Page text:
Hepatitis Virus Co-Infection
Thursday, 4 - 6 pm
Presentation Time: 5:15 pm
Background: Entecavir (ETV) is a potent and selective inhibitor of hepatitis B virus (HBV) polymerase with a low interaction potential with HIV medications, and does not select for ART-resistant HIV. We hypothesized that ETV would be superior to placebo in reducing HBV DNA in HIV/HBV-co-infected patients who experienced recurrent HBV viremia while receiving lamivudine (3TC)-containing HAART. ETV may be a future anti-HBV treatment option of particular interest for HIV+ co-infected patients.
Methods: ETV-038 is an ongoing, double blind, comparative trial involving 68 HIV/HBV-co-infected patients who experienced HBV viremia during treatment with 3TC, the majority of whom (88%) carried HBV with at least 1 3TC-resistance mutation. Patients were randomized to receive either ETV 1.0 mg (n = 51) or placebo (n = 17) once daily for 24 weeks, followed by open-label ETV for another 24 weeks. All patients continued taking 3TC throughout the study. The primary objective was to compare the mean reduction in HBV DNA levels from baseline in each treatment group at 24 weeks.
Results: Mean baseline viral load was 9.13 log10 copies/mL. At 24 weeks, the mean reduction in HBV DNA from baseline was superior in the ETV group compared with the placebo group (–3.66 vs +0.11 log10 copies/mL, p < 0.0001). The proportion of patients with < 400 copies/mL or a ≥ 2 log10 reduction from baseline was also superior with ETV (84% vs 0% for placebo, p < 0.0001). Significantly more ETV-treated patients achieved ALT normalization after 24 weeks than those given placebo (49% vs 17%, p = 0.05). After a mean follow-up of over 40 weeks, the overall frequency of adverse events was comparable between ETV and placebo. Two patients treated with ETV (4%) discontinued treatment because of adverse events. One patient discontinued due to elevated ALT and bilirubin, the other because of elevated ALT/AST. Both events were present at baseline and were considered not related to the study medication. No significant changes in HIV viremia nor in CD4 count were observed in either treatment group.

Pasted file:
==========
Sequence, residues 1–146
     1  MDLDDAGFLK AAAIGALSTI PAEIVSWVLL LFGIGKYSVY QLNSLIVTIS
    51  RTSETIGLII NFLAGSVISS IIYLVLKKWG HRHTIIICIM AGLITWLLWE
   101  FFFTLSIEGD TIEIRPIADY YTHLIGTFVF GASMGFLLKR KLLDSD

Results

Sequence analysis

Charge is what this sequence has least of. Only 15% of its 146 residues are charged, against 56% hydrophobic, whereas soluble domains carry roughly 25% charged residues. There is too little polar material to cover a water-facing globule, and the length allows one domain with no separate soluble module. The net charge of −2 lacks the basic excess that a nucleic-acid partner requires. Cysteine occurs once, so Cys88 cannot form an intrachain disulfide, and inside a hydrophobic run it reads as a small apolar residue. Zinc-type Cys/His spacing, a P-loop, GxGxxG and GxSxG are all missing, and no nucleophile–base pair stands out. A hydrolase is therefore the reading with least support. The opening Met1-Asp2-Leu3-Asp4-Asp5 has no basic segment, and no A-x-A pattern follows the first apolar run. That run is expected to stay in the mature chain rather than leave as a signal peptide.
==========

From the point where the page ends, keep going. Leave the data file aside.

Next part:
Conclusions: In HIV/HBV-co-infected patients with 3TC-resistant HBV, adding ETV therapy results in rapid and clinically significant reductions in HBV DNA and normalization of ALT within 24 weeks, with comparable tolerability to placebo. No interference with HIV infection or HAART was observed. ETV is the first selective HBV antiviral to demonstrate safety and efficacy in this population.
Keywords: Entecavir; Lamivudine; HBV co-infection